Peter Ngila @peterngilanjeri
Chelmis Muthoni, 24, born with a bilateral cleft lip, was first operated on when she was nine months old. She went on to have four more surgeries.
“I was an introvert in school. It was challenging when I was younger because children couldn’t understand why I had a different smile,” Muthoni says, adding that after the final cleft lip surgery was done, she finds it easier to make friends.
Globally, one in 700 babies is born with a cleft lip and/or palate. Clefts are the leading birth defect in many developing countries. The cleft incidence rate of individuals of African descent is approximately one in every 1,200 births.
“The correction process has been a journey, because it was both cleft lip and palate. My first two surgeries helped repair the lip, the third one to repair the palate, the fourth one was lip revival, while the last one was to revive both the lip and the palate,” Muthoni says, adding that two surgeries would have been enough for her, but her tissues couldn’t grow at the same pace with the rest of her body. Muthoni graduated last year from the University of Nairobi and is currently a hardware and software developer. In regards to Chelmis Muthoni’s case, Dr Martin Warui Kamau, one of the surgeons involved with Smile Train, says doing the procedure on an adult is easier than a child because the tissues are all grown and mature. “A cleft lip happens when the lip does not join together properly when a baby is developing during early pregnancy. During the surgery, we try to align those segments,” he says, adding that, after the surgery, the patient should be able to eat and speak.
“The best results can be achieved when the patient is below six years old. If the cleft remains in childhood, the patient gets problems with speech in adulthood, even if you close the palate,” he says.
In such a scenario, Dr Kamau, a lecturer at the University of Nairobi’s human anatomy department and an oral maxillofacial surgeon, recommends the services of a speech pathologist.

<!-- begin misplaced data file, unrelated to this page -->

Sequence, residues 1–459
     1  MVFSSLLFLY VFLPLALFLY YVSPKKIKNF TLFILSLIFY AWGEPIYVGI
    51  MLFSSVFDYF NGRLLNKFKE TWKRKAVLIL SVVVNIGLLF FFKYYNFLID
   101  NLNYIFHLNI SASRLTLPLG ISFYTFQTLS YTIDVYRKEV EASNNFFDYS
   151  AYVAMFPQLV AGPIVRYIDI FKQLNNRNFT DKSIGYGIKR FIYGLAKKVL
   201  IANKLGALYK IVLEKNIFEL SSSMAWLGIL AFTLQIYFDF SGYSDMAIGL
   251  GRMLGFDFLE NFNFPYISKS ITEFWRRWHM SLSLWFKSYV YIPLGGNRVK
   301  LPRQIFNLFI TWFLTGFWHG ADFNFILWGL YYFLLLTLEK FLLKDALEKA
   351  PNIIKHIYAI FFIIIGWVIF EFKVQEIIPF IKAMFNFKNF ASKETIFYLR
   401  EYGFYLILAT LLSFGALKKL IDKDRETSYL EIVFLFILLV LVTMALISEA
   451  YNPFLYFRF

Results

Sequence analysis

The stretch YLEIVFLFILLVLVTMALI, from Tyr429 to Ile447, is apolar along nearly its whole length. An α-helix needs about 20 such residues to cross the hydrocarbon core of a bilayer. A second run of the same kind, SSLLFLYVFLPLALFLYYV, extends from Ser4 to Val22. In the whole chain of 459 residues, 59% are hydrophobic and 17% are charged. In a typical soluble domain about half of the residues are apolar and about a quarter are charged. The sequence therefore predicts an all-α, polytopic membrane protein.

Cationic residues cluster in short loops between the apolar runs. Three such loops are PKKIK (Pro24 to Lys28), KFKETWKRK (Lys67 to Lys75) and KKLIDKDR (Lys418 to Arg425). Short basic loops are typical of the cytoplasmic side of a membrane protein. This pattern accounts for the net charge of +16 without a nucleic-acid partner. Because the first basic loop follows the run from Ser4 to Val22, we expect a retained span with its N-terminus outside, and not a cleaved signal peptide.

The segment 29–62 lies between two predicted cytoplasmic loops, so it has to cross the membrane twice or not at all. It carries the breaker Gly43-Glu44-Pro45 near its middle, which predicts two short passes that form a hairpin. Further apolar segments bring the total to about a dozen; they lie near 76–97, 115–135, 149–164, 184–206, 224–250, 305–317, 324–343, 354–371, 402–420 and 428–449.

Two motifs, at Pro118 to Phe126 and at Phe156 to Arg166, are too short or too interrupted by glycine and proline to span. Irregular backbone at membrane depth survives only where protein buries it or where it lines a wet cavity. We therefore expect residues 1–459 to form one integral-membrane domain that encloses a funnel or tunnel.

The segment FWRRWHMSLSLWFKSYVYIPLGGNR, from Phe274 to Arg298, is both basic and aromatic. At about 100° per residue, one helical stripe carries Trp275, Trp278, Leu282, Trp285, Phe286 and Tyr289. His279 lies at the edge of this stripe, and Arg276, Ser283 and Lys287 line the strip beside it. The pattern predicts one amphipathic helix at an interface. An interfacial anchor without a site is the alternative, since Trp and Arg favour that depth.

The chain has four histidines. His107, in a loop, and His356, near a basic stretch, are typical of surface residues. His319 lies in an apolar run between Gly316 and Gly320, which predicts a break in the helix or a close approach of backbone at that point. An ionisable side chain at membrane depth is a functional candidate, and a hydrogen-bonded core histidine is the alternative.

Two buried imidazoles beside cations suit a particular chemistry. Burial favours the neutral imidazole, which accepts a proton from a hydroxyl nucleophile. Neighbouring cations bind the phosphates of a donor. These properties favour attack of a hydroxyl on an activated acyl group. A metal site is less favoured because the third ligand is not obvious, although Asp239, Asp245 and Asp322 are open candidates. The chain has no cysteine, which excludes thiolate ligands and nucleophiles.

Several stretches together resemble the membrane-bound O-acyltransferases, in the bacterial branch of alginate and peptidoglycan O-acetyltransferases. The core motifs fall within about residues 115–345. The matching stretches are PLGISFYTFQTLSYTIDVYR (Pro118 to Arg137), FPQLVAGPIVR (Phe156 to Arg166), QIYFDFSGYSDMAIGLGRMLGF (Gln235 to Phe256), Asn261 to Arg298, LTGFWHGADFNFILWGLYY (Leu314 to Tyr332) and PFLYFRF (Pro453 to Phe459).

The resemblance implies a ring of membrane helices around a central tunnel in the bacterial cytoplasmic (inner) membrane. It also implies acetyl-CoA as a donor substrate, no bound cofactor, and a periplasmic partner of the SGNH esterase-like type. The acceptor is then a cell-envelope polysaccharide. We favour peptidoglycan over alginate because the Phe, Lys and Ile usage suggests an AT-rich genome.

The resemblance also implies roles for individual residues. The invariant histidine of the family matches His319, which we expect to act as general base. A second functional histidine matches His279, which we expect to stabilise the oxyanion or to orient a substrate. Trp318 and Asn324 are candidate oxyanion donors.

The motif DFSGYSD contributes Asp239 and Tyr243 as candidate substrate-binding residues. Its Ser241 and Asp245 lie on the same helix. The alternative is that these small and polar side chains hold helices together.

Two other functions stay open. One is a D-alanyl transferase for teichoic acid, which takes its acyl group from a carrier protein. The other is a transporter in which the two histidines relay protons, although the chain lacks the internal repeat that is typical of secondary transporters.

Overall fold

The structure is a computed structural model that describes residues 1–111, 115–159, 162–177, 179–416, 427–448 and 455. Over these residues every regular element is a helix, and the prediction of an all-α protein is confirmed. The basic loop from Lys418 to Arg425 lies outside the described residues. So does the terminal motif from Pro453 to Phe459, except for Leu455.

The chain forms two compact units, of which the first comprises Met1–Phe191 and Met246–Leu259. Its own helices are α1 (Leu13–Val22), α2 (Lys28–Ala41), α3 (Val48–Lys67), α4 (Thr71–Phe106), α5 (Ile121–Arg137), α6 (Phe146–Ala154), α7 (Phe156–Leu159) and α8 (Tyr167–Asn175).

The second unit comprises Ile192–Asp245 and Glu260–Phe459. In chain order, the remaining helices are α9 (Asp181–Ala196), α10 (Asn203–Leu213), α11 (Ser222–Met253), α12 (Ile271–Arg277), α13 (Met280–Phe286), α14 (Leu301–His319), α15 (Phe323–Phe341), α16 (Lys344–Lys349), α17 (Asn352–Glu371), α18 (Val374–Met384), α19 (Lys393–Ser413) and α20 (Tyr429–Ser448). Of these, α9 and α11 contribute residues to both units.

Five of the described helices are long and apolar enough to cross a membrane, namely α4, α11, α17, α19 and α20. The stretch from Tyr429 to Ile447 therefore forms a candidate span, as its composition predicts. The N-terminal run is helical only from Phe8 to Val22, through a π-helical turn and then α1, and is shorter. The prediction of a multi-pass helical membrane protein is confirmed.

The exact cause of cleft lips isn’t known, but most experts suggest they may include a genetic predisposition as well as environmental issues such as drug and alcohol use, smoking, maternal illness, infections and lack of folic acid.
Milka Muthoni, 23, who was born with a unilateral cleft lip, says she led a shy childhood. “Life was so difficult at school; I used to keep to myself. I underwent my first surgery to correct my cleft clip at 11, but as I grew up, my cleft lip repair wasn’t growing at the same pace with the rest of my body.”
After her lip was corrected through surgery with the help of Smile Train, her life changed. Smile Train, an international charity organisation, which supports free corrective surgeries and care for patients with cleft lip and palate, recently marked 100,000 cleft surgeries in the African continent.
Smile Train has in Kenya partnered with several county governments to train surgeons on the newest innovation and technology for cleft surgeries. Speaking during the event which was held in Nairobi, Smile Train President and CEO Susannah Schaefer said: “We are proud to reach such a huge milestone in the African continent. We managed to do so with the help from our local medical partners, corporate partners, donors, patients and their families, ambassadors and local community members who have ensured that every child has access to cleft care.”
According to Jane Ngige, Program Director for East Africa at Smile Train, since 2002, the organisation has helped over 8,000 children and adults get free cleft surgeries, through the organisation’s network of 21 hospitals in Kenya. Patients doesn’t pay anything, thanks to donations from individuals and donors from countries like India, Germany, America, the United Kingdom and the African continent.